Gain/Loss on Sale of Assets: Cash received or paid related to the sale of assets, excluding inventory, which falls under operating activities. If the company sells a piece of equipment, for instance, the cash received would be included.

Financing Activities

Financing Activities shows any changes that have occurred to either loans or equity (ownership of the company). For example, if you’ve made a loan payment you will see a negative figure which shows that the cash has left your bank to pay for the loan repayment. However, if you take a new loan out, you would see a positive figure here as you have received cash into the business.

Within the equity area it will show any reduction in retained earnings if dividends have been paid, but it may also show a Share Premium account. A Share Premium account is used when the amount the company receives for its shares is greater than the shares face value. So if someone bought 100 shares worth £25 each, but paid £35, they have overpaid the face value by £10 each. You would see 100*£10 which is £1000 represented in the Share Premium account.

Investing Activities

Investing Activities are not always seen on the Cash Flow Statement because it is only relevant if a business makes investments; this relates to both financial investments, such as buying shares and also physical investments, such as cash spent on buying or improving a building.

Here’s a list of some of the items included here:

Purchase of Property, Plant, and Equipment (PP&E): Cash spent on acquiring or improving physical assets like buildings, machinery, or equipment.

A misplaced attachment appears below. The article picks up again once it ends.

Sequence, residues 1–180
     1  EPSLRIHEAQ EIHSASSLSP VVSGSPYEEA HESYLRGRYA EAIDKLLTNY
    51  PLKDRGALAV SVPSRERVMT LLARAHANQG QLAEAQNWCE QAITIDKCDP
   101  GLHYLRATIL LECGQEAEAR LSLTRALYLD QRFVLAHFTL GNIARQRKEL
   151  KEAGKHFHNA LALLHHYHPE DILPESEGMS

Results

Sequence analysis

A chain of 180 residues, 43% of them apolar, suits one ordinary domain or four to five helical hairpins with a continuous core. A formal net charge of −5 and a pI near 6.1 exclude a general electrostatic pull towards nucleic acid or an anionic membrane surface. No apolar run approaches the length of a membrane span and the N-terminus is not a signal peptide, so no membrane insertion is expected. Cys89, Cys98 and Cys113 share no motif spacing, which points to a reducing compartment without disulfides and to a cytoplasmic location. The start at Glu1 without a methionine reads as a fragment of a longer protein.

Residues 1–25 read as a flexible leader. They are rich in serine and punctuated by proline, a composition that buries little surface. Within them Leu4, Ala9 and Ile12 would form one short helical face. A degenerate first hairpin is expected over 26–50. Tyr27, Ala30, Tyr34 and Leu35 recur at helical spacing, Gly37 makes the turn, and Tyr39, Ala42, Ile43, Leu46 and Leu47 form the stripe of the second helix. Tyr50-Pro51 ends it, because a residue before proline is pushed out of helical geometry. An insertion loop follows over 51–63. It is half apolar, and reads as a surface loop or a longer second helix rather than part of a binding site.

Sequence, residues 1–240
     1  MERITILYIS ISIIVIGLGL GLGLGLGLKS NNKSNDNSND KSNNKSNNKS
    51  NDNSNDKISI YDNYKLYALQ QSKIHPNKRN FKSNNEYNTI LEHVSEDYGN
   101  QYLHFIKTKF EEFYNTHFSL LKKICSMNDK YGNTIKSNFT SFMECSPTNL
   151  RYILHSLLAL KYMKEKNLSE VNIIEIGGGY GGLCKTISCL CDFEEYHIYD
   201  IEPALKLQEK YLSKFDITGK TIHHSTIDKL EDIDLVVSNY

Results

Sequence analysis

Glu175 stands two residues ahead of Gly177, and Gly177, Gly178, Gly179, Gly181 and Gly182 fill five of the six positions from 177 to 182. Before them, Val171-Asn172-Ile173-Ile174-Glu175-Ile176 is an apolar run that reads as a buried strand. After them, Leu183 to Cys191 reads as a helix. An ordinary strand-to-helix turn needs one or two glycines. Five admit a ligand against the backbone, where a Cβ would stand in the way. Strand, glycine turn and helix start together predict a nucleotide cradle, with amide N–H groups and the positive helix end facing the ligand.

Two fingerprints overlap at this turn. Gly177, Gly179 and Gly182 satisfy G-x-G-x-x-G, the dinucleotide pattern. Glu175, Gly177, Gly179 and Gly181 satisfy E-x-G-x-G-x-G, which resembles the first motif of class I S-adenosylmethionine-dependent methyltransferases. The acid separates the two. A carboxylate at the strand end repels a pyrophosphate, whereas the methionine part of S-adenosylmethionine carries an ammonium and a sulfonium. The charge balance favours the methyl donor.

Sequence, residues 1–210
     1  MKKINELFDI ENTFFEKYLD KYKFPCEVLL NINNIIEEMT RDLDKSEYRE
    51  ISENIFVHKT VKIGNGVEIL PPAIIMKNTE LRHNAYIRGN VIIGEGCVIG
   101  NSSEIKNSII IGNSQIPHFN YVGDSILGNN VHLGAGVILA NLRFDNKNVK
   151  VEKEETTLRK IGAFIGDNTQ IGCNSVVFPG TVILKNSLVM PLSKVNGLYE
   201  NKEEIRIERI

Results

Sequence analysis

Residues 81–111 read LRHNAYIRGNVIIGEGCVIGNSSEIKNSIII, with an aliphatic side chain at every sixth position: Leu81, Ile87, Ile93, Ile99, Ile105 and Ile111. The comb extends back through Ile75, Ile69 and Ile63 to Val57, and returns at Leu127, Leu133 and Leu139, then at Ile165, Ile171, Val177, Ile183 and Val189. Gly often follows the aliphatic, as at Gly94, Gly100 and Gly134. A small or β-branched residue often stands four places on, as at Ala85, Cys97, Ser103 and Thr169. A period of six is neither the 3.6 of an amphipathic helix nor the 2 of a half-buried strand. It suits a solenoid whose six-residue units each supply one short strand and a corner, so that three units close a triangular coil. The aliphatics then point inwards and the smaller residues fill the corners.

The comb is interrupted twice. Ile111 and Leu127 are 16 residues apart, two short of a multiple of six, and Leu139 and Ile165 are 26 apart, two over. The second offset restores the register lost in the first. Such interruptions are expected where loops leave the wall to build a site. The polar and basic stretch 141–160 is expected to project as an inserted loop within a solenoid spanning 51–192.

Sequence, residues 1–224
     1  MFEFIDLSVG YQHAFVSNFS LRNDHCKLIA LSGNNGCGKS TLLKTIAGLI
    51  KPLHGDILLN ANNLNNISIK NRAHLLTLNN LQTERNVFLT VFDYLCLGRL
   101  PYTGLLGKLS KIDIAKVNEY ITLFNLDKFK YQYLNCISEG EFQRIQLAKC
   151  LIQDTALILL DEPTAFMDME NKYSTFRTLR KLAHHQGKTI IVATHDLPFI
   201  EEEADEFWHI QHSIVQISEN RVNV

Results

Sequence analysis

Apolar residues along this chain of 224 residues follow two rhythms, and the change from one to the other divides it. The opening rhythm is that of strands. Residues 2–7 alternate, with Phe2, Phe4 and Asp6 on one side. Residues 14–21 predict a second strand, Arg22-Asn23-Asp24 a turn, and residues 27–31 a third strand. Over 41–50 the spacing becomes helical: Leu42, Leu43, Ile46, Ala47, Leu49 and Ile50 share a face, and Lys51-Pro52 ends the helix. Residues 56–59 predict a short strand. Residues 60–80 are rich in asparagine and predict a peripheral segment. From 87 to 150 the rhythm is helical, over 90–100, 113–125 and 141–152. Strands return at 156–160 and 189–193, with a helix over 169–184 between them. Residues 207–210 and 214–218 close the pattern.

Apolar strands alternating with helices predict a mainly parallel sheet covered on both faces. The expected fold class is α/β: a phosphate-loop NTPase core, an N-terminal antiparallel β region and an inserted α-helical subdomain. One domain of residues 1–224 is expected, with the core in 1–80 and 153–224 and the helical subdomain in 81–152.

Sale of Property, Plant, and Equipment: Cash received from the sale of these physical assets.

Purchase and Sale of Investments: Cash spent on acquiring investments such as shares (stocks), bonds, or other securities, as well as cash received from selling these investments.

Loans Made to Others: Cash loaned to other entities that are not considered part of the company's normal operations.

Cash Received from Loans Repaid: Cash received from loans made to other entities.

Acquisitions and Mergers: Cash used for acquiring other businesses or merging with existing businesses.

Cash Received from Divestitures: Cash received from selling a portion of the business or a subsidiary.

Intangible Asset Purchases: Cash spent on acquiring intangible assets such as patents, copyrights, trademarks or license agreements(e.g. franchise license)

Cash Received from Intangible Asset Sales: Cash received from selling intangible assets.

Other Investments: Cash transactions related to the realisation of other long-term investments not covered by the above categories. Realisation is the point at which an investment is officially recognised for accounting purposes.

So How Do I Use This Report?

Initially, when looking at the Cash Flow Statement it’s likely you’ll see the report over a one month period, or one quarter period. This can be useful to identify if the business has increased or decreased its cash position over that time. But it can often be more valuable to compare this period with others, such as all periods during the last 12 months, or this year versus last year. These comparisons allow you to spot trends and seasonality, for example, in an ecommerce business that makes the bulk of its sales in the lead up to Christmas and then has a very quiet January it may be that the cash position reduces during January. This might cause concern, but comparing this period with the same period the previous year can give you a good indication of whether the business is in abetter or worse financial position when compared to the year before.

So if you’re prone to looking at your bank account before making business decisions, it might make sense to look at a Cash Flow Statement so you can identify your true Cash Flow position. Similarly, comparing your Cash Flow with a previous period can help you identify anomalies, unusual transactions and potential risks.